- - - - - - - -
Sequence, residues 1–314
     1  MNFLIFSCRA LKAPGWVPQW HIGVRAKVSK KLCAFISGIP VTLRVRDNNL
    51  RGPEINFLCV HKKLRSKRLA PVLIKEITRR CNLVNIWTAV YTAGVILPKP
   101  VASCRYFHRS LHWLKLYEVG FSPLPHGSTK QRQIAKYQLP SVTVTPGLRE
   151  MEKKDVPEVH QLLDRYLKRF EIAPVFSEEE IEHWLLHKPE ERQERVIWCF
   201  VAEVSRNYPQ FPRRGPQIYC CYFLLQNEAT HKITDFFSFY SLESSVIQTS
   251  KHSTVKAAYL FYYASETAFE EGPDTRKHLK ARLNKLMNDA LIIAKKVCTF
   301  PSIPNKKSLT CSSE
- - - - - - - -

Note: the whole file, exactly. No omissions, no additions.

Sequence, residues 1–314
     1  MNFLIFSCRA LKAPGWVPQW HIGVRAKVSK KLCAFISGIP VTLRVRDNNL
    51  RGPEINFLCV HKKLRSKRLA PVLIKEITRR CNLVNIWTAV YTAGVILPKP
   101  VASCRYFHRS LHWLKLYEVG FSPLPHGSTK QRQIAKYQLP SVTVTPGLRE
   151  MEKKDVPEVH QLLDRYLKRF EIAPVFSEEE IEHWLLHKPE ERQERVIWCF
   201  VAEVSRNYPQ FPRRGPQIYC CYFLLQNEAT HKITDFFSFY SLESSVIQTS
   251  KHSTVKAAYL FYYASETAFE EGPDTRKHLK ARLNKLMNDA LIIAKKVCTF
   301  PSIPNKKSLT CSSE